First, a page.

The First Minister’s speech to the Foreign Press Association (your report, 18 January) was so short that it was almost bound to be superficial. (Why not speak at much greater length about Scotland’s “most important decision since… 1707”?)
Nevertheless, its bland question-begging was disappointing. As usual, the SNP talks as if a vote for independence will create a world in which the party will have its way in the new Scotland.
It believes that Scotland should (or “will” – the two words are almost interchangeable in the speech) have a detailed policy-based constitution, effectively a manifesto rather than a framework setting out some fundamental principles.
Mr Salmond points to the USA as a model to follow, but many would question the effectiveness of that constitution, and the power it gives to nine unelected judges. That perhaps won’t trouble Mr Salmond, believing as he does in direct appeals to “the people”.
He also cites the Iceland example, overlooking the fact that its constitution was entirely drafted and approved by individual citizens, not political parties or pressure groups.
Mr Salmond wouldn’t like that, since he’s using his current position to tell us what he – merely one of four million adult citizens – would want in a constitution.
But this, in any case, puts the cart in the wrong place: instead of idle speculation about the actions in 2016 of a sovereign body which does not yet exist, what is our government doing today to counter the effects of the coalition’s economic austerity?
As well as taking action, and using its devolved powers, the SNP government could be making the case that an independent Scotland, with its own currency, would be able to chart its own economic course. Instead, however, it is committed to remaining in (or joining, as the case might be) the EU.
This would deprive us of economic independence, without which sovereignty is form over substance, and subject us to the “democratic deficit” which Mr Salmond detects at Westminster but closes his eyes to as he casts them over the Channel: who elected any of Messrs Draghi, Barroso or Van Rompuy?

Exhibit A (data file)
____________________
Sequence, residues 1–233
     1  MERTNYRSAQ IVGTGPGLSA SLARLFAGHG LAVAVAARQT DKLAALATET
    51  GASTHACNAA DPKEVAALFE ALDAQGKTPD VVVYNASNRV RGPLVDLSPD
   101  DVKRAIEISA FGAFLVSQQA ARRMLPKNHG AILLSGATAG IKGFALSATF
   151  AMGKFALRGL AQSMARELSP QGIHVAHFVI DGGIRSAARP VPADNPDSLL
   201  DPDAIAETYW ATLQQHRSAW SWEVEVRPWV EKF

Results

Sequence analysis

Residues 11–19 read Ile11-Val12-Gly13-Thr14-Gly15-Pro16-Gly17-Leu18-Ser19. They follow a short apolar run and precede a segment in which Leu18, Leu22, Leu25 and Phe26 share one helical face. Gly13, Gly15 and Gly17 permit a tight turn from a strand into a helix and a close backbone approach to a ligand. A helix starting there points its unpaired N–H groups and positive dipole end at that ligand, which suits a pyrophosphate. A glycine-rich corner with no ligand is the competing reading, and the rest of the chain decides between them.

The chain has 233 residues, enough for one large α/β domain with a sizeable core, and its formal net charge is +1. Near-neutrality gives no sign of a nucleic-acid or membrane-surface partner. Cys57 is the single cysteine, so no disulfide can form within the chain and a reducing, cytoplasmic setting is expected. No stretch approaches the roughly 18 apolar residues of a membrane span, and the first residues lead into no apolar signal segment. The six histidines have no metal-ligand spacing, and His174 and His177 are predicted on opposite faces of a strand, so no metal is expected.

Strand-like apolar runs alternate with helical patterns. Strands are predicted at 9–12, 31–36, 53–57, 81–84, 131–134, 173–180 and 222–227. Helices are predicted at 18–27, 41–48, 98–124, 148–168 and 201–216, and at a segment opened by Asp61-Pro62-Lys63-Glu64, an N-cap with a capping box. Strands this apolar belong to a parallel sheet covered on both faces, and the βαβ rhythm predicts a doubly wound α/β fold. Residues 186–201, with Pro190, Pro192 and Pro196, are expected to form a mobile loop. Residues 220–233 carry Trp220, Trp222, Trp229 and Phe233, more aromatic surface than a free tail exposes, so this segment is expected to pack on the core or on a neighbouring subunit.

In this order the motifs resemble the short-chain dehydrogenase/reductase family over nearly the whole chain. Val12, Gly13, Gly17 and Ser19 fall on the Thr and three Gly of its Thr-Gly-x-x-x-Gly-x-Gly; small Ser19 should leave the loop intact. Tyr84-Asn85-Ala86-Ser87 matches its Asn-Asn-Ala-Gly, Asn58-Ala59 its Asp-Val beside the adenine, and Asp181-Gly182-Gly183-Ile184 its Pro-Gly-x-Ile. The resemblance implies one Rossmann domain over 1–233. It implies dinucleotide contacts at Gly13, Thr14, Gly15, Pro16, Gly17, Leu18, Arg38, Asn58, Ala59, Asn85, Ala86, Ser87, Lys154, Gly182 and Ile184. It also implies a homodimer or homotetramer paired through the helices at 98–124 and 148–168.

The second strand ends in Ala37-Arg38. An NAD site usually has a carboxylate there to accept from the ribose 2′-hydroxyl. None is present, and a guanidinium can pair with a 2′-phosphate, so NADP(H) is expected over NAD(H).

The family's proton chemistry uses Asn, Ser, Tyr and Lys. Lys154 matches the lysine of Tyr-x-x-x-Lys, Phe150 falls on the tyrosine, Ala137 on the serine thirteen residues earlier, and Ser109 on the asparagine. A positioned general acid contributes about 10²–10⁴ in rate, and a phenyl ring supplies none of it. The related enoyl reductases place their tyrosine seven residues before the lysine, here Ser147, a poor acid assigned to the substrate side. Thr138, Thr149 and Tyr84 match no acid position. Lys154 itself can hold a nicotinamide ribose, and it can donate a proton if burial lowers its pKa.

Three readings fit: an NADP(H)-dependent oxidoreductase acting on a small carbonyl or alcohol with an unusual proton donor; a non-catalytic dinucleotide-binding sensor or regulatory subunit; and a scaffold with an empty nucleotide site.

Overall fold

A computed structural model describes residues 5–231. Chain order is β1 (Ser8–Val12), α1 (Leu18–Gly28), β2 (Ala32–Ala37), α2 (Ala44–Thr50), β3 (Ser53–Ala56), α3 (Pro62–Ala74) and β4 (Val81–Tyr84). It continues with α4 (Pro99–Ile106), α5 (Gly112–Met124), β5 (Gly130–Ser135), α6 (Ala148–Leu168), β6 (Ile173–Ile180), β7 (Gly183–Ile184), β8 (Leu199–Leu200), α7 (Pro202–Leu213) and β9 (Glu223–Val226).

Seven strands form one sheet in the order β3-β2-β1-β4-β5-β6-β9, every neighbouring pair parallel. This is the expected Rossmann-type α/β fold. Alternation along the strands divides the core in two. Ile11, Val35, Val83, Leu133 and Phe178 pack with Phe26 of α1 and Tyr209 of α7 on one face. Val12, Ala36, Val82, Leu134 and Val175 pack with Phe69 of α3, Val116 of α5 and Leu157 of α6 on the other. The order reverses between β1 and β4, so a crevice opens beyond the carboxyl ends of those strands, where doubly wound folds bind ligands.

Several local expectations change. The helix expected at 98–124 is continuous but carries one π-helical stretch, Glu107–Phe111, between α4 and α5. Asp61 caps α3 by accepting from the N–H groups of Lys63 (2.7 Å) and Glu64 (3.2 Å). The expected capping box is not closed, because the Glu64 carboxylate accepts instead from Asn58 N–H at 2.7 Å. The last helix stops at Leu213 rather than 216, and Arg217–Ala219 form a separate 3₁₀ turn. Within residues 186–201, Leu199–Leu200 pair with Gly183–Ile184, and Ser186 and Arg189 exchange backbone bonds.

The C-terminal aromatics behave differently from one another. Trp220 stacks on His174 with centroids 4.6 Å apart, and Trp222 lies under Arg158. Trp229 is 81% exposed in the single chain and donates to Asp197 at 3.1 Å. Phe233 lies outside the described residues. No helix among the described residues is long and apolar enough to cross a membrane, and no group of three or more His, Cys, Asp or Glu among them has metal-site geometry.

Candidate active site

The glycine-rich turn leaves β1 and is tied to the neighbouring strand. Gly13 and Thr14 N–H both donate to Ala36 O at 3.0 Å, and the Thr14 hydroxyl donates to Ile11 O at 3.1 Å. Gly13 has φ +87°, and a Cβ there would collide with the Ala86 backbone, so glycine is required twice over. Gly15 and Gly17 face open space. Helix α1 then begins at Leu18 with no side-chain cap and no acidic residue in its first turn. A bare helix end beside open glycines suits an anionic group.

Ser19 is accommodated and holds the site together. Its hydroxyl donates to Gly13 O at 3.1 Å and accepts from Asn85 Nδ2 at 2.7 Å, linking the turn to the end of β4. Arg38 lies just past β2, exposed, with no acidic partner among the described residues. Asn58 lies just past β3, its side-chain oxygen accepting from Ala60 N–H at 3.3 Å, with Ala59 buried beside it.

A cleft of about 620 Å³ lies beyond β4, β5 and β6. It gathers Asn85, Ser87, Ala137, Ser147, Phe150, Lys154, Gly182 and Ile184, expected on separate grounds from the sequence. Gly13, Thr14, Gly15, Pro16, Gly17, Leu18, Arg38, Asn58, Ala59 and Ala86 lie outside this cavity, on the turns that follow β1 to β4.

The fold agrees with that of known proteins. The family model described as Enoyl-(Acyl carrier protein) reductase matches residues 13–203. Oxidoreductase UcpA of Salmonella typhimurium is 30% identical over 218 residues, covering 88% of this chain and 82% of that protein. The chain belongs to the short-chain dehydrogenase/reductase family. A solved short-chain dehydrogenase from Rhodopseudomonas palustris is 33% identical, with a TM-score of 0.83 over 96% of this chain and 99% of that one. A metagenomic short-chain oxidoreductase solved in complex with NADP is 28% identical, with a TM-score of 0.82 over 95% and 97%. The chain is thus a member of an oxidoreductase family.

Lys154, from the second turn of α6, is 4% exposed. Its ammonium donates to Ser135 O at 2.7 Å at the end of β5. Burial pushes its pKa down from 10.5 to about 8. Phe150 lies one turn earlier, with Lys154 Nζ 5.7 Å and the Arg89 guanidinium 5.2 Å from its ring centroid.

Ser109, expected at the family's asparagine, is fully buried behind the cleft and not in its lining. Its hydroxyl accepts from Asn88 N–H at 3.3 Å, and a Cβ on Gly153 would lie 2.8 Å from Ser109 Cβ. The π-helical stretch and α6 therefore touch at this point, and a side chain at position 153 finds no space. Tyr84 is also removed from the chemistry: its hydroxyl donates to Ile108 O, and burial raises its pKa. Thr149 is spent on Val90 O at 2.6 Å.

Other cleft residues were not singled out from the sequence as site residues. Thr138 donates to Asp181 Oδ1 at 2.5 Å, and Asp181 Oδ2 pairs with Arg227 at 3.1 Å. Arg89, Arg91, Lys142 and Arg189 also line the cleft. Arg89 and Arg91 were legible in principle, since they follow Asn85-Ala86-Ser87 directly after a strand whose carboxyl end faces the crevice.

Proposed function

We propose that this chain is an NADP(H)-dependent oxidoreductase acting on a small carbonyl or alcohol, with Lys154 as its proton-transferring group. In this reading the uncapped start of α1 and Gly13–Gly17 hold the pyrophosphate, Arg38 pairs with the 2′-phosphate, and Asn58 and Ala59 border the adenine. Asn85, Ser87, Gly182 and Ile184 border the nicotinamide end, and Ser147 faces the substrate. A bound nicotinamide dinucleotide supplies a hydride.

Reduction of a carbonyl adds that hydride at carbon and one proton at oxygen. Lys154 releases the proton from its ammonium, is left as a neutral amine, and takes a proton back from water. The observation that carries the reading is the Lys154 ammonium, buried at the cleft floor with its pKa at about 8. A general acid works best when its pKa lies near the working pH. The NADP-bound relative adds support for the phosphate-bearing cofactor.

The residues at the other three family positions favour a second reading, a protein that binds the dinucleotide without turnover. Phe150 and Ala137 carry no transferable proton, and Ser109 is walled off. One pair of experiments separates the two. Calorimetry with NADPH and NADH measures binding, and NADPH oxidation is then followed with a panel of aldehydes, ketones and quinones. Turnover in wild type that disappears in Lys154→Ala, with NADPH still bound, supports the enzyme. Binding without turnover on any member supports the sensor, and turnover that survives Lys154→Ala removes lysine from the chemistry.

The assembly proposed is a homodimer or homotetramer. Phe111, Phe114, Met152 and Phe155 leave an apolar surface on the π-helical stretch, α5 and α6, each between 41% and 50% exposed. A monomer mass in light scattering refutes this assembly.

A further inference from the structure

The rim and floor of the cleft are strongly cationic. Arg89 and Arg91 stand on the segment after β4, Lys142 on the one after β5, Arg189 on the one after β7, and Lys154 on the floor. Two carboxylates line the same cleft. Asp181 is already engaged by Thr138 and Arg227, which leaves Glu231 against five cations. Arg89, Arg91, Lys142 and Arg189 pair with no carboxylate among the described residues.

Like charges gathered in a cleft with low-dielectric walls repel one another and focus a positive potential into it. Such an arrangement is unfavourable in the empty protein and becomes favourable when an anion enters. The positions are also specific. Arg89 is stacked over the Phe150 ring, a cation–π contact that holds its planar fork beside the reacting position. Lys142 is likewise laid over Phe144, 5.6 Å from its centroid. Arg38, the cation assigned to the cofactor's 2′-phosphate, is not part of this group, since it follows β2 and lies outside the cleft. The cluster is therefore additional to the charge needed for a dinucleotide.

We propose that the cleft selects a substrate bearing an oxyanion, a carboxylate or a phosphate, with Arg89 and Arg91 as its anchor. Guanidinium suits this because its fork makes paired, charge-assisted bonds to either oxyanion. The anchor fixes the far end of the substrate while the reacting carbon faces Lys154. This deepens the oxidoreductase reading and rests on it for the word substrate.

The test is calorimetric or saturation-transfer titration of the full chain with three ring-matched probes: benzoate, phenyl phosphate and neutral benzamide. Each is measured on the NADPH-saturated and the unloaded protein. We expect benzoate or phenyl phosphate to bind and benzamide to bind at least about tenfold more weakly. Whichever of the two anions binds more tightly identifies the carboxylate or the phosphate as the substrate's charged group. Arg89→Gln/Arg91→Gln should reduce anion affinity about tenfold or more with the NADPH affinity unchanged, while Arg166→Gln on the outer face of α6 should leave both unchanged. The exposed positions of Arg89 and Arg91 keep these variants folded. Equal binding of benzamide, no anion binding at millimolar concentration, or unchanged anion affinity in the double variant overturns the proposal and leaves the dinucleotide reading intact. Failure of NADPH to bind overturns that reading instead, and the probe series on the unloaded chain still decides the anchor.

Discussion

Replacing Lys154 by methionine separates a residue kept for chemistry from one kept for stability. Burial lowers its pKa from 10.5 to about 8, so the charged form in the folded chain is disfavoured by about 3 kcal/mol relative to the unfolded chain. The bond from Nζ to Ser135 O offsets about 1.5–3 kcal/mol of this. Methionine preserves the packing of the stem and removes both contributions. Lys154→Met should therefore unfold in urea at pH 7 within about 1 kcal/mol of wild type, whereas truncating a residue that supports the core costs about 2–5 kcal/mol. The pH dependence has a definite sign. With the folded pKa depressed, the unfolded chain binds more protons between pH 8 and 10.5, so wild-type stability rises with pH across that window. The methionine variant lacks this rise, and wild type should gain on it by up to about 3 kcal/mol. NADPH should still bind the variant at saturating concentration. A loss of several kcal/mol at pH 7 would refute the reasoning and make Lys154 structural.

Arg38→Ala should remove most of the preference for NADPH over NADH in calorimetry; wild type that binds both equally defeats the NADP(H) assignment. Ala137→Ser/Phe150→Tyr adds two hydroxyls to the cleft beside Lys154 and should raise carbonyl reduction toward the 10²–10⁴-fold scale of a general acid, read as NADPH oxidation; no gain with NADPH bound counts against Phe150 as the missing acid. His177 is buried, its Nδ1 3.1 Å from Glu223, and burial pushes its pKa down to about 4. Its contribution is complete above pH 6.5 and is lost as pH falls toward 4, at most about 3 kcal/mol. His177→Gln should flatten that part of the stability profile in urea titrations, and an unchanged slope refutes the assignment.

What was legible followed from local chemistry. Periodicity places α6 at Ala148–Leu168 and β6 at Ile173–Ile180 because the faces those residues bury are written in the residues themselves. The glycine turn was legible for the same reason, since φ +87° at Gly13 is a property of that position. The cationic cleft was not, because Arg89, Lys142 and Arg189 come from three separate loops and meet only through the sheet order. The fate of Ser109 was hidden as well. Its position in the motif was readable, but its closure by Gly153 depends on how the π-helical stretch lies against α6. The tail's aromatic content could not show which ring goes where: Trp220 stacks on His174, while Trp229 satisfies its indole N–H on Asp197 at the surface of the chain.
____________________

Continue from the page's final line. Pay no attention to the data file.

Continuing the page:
It IS interesting to contrast the reasoned and apparently objective perspective of Joyce McMillan on what will be an historical plebiscite for the people of Scotland (Perspective, 18 January) with the comparatively puerile and subjective rant of Alexander McKay (Letters, same day).
Hopefully, others who in the past might have automatically rejected independence for Scotland will take the time to examine sincerely their own views in a manner that will allow them to see beyond the constant negativity of supporters of a No vote and also come to the realisation that the only positive visions being offered for significantly progressing our society in Scotland are coming from supporters of a Yes vote.
Perhaps those who genuinely think seriously about future prospects for all of Scotland’s children, such as Henry MacLeish, who has openly expressed his desire to see more powers come to the Scottish Parliament, will come to the conclusion over the next year that in the event of a No vote another Tory government could conceivably attempt to claw back powers to Westminster, whether the UK were to remain in the EU or not.
In other words, with Devo-Max not an option because there is now no guarantee of implementation, Henry and others who have greater aspirations for our country than simply attempting to maintain the rather fragile status quo should put personal party allegiances to one side and earnestly consider a vote that would favour Scotland taking control of its own destiny.
I am more than puzzled by the claim of Joyce McMillan that perhaps we have the most reactionary government in a century.
Two points on this: two million low earners lifted out of income tax (and a top rate higher than under Labour most if its last term) and proposals for gay marriage (which have outraged many Tory supporters).
Bo’ness, West Lothian